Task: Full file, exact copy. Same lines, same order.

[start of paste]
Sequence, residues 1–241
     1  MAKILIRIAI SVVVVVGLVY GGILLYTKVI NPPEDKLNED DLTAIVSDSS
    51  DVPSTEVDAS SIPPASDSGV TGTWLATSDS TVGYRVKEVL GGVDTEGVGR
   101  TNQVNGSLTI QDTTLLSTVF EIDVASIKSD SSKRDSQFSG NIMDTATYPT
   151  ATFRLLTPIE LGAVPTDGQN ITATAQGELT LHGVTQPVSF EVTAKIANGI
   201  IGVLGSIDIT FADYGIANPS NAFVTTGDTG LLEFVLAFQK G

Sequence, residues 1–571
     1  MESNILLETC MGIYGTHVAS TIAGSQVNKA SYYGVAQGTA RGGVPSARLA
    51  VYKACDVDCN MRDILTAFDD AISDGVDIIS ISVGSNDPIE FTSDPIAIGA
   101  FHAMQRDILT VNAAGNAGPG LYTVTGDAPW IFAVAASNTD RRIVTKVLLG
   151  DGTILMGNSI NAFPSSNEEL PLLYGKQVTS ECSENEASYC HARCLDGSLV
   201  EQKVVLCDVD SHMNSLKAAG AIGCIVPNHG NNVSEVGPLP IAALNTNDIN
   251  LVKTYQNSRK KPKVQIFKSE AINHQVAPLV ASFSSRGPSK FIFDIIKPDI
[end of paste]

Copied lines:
Sequence, residues 1–241
     1  MAKILIRIAI SVVVVVGLVY GGILLYTKVI NPPEDKLNED DLTAIVSDSS
    51  DVPSTEVDAS SIPPASDSGV TGTWLATSDS TVGYRVKEVL GGVDTEGVGR
   101  TNQVNGSLTI QDTTLLSTVF EIDVASIKSD SSKRDSQFSG NIMDTATYPT
   151  ATFRLLTPIE LGAVPTDGQN ITATAQGELT LHGVTQPVSF EVTAKIANGI
   201  IGVLGSIDIT FADYGIANPS NAFVTTGDTG LLEFVLAFQK G

Sequence, residues 1–571
     1  MESNILLETC MGIYGTHVAS TIAGSQVNKA SYYGVAQGTA RGGVPSARLA
    51  VYKACDVDCN MRDILTAFDD AISDGVDIIS ISVGSNDPIE FTSDPIAIGA
   101  FHAMQRDILT VNAAGNAGPG LYTVTGDAPW IFAVAASNTD RRIVTKVLLG
   151  DGTILMGNSI NAFPSSNEEL PLLYGKQVTS ECSENEASYC HARCLDGSLV
   201  EQKVVLCDVD SHMNSLKAAG AIGCIVPNHG NNVSEVGPLP IAALNTNDIN
   251  LVKTYQNSRK KPKVQIFKSE AINHQVAPLV ASFSSRGPSK FIFDIIKPDI